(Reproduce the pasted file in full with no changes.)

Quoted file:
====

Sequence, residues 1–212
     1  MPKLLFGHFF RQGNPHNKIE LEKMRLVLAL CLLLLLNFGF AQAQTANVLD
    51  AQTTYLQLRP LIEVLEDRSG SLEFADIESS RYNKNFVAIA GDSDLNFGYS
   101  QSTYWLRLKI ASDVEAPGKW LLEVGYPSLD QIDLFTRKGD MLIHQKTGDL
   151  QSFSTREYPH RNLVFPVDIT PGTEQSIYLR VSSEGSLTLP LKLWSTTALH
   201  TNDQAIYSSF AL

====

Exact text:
Sequence, residues 1–212
     1  MPKLLFGHFF RQGNPHNKIE LEKMRLVLAL CLLLLLNFGF AQAQTANVLD
    51  AQTTYLQLRP LIEVLEDRSG SLEFADIESS RYNKNFVAIA GDSDLNFGYS
   101  QSTYWLRLKI ASDVEAPGKW LLEVGYPSLD QIDLFTRKGD MLIHQKTGDL
   151  QSFSTREYPH RNLVFPVDIT PGTEQSIYLR VSSEGSLTLP LKLWSTTALH
   201  TNDQAIYSSF AL